This morning, meet your local host to set out to discover the influences, flavors, and history behind Lima’s history and cuisine. Start your exploration at the colorful Surquillo market, a typical local market. Here, understand the foodstuffs that are the drivers of Peruvian cuisine that make it so exotic, novel, and balanced. Stacks of produce burst with color from the rainbow-colored limo peppers to orange huancaína chilies, vibrant Green key limes (for those Pisco sours), a potpourri of native potatoes, coca leaves, buckets of quinoa, pulses, and colored corn. Taste “island bananas,” a delicate, fragrant pink plantain, then camu camu, a tart acidic fruit from the Amazon. Savor aguaymanto, golden berries, or juicy chirimoyas (custard apples) and even favorite local snacks like amaranth puffs and cancha, toasted salty corn kernels. And more.
Ceviche, or better known as cebiche in Lima, is Peru’s national dish, and a passion fueled by nearly thousands of restaurants and stalls all over the capital. Visit a classic, neighborhood cevichería adored by locals for its fresh fish. With wood floors and photos of Latin American soccer heroes on the wall this huarique sports over 15 types of fish, dig into the traditional style with heaps of purple onions, choclo (maize), and a wedge of camote (sweet potato), laced with lime juice and racy red limo chilies. Wash it down with a pitcher of chicha morada, a dark sweet corn drink adored by Peruvians. During lunch, discuss the nuances of Peruvian ceviche and its preparation—and most importantly, how you can recreate it once home!
After lunch, head to the Larco museum, one of Peru’s most important archeological collections housed in a beautiful 18th century casona. Founded in 1926 by Rafael Larco, Peru’s “father” of modern archaeology, the collection focuses on pre-Colombian art. On a private tour, learn about the fascinating Moche Dynasty in the northern area of the country, responsible for many of the ceramics, both the general and erotic collections along with textiles. Return to the hotel and relax.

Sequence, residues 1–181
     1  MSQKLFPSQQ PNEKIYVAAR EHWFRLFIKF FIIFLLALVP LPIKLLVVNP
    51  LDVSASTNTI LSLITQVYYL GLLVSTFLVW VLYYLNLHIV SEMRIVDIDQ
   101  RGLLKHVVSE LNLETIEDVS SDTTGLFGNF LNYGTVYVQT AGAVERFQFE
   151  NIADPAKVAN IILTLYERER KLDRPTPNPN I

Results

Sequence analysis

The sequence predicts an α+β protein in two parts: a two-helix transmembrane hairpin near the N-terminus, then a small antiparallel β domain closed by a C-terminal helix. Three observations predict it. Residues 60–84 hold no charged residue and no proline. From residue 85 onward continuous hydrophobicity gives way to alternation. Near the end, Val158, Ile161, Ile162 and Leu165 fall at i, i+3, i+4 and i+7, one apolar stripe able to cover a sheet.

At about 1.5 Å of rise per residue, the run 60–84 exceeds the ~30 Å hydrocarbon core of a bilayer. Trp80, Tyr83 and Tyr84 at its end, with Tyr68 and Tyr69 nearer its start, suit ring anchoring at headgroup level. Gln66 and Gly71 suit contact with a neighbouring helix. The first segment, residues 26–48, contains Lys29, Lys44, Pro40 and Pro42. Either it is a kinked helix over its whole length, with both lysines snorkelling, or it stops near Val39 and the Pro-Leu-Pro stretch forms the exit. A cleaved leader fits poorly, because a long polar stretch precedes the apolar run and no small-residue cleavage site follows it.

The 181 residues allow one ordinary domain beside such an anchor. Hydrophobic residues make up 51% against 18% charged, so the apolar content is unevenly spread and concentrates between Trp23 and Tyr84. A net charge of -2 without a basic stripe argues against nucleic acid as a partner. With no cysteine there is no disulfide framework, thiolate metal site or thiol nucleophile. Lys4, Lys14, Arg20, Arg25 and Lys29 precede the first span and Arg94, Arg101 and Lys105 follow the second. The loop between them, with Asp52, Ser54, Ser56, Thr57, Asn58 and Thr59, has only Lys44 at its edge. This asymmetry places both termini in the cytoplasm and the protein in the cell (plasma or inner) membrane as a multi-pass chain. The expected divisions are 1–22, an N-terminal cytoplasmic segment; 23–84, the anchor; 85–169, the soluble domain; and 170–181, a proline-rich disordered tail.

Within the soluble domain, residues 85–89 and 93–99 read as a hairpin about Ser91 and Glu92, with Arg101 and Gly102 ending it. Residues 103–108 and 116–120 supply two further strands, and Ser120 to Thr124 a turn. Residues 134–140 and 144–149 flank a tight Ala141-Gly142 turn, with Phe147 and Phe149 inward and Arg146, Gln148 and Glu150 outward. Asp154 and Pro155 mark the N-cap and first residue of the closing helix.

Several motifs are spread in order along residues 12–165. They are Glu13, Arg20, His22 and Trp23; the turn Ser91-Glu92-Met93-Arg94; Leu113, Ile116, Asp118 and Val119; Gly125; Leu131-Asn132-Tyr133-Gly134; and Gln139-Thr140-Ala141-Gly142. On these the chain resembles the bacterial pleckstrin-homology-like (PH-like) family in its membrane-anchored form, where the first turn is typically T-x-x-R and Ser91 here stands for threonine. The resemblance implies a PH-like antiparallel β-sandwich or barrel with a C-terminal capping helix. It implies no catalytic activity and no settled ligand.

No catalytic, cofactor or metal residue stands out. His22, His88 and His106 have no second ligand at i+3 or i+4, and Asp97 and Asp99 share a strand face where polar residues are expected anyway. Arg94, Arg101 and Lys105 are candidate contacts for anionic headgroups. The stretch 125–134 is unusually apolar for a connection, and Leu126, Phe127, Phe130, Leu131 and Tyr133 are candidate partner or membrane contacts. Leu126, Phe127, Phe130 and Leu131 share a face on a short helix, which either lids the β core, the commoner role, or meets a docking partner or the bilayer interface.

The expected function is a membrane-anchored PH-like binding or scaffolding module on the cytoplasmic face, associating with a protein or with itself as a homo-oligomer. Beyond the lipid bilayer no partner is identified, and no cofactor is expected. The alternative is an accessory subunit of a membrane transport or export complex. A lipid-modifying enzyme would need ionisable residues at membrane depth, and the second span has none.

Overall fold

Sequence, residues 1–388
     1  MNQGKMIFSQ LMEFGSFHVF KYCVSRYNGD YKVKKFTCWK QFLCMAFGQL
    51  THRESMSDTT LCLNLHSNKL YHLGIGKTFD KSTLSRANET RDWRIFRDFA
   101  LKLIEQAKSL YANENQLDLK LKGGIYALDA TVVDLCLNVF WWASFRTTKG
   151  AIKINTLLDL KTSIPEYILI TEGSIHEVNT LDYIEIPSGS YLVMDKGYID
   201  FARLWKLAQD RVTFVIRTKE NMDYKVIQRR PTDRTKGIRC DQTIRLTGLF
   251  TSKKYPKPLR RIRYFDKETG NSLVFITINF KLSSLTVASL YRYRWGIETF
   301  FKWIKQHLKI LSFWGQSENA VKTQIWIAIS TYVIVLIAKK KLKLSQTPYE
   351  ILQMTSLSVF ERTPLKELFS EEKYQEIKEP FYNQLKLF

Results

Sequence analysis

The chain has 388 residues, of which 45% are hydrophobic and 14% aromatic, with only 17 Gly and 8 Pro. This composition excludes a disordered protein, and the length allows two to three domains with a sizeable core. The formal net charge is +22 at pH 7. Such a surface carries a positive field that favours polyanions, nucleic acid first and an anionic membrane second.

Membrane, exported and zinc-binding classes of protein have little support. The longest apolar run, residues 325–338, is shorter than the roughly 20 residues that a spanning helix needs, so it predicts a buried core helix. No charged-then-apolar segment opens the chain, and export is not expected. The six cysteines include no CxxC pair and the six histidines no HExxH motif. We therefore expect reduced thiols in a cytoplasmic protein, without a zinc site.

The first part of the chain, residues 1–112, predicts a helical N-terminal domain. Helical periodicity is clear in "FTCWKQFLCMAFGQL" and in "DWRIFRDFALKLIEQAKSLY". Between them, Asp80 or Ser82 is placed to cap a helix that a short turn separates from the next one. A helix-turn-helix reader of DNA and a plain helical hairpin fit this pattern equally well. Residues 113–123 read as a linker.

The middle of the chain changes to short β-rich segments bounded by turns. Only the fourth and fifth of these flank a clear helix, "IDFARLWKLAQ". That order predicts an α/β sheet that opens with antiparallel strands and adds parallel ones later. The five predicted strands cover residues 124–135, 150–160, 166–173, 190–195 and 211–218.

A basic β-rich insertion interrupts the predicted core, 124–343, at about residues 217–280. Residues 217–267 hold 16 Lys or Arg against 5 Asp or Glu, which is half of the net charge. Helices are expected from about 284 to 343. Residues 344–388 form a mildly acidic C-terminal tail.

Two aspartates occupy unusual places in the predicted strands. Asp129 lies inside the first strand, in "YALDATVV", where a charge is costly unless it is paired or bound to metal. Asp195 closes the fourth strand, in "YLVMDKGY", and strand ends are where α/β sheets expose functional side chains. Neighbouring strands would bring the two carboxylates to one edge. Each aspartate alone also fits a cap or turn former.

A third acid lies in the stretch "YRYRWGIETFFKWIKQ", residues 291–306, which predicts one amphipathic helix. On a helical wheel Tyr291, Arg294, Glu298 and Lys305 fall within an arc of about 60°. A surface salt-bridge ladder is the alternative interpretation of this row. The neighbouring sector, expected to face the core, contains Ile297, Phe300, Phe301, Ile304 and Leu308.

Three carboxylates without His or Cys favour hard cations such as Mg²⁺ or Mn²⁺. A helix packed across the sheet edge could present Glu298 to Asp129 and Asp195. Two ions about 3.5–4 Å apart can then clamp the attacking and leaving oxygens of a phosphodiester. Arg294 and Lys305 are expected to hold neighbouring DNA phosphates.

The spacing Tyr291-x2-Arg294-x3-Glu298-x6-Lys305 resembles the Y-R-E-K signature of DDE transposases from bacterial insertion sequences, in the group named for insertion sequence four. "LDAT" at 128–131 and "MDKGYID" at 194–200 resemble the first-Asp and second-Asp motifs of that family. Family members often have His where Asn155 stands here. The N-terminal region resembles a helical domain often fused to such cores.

This evening, dine at one of Lima’s top chefs hottest restaurant in modern, hip digs. Conveying a market atmosphere with chalkboards offering the fresh, daily specials, this is Peruvian coastal cuisine at its finest. Try one of his tongue-dazzling causas with a gingery, Chilcanos, Peru’s favorite mixer of Pisco and Ginger Ale with a dash of lime. Leave room for tacu tacu, crisp bean and rice tamale served with shrimp. Delicioso. (Westin Lima)
This morning, rise before dawn to set off to the gigantic terminal pesquero in Lima where fish and seafood coming out of the mighty Pacific turn over at the speed of light. With seafood as one of the pillars of Peruvian cuisine, thanks to the Humboldt and warm northern currents, locals chow down on a dizzying array of shellfish and fish. Walk amid the action as mongers filet fish with the exactness of a surgeon. Bins are piled high with crabs and the prized conchas negras from Piura ready to be shucked. .
Return to the hotel to have breakfast and a well-earned nap.
After checkout, drive south of Lima towards Pachacamac, one of the largest religious centers on the Peruvian Coast. Virtually at the foot of the Pacific Ocean, Pachacamac was the most important pilgrimage center in ancient Peru. Learn about the fascinating history and architecture of Pachacamac with your guide, walking the various pyramids, temples and large plazas.
Venture into the fertile Lurín Valley, encased by the surrounding hills and nourished by a soft-flowing river. Nearby, get to know another one of Lima’s anchor chefs whose newest project is in the fertile valley. Focusing on slow food and traditional Peruvian cuisine with organic and sustainable products, he uses a series of mud oven and fire-fueled stoves to create his delicious, simple, element-driven cuisine. Join in a hands-on cooking class set amid this bucolic setting—and even learn the art of making Pisco Sours. Sit down to a late lunch, and feast, to devour your culinary creations.
After lunch, just around the corner. visit a unique organic farm that runs entirely on a special type of bio-fuel. Meet the owners (and inventors) to learn about this inspirational, sustainable project. Get to know the furry cuys, guinea pigs, they raise. Guinea pig in Peru is considered a culinary delicacy and these folks, according to top chefs, find their cuys among the purest.
Transfer in the late afternoon to Lima’s international airport for your departing international flight. Buen viaje.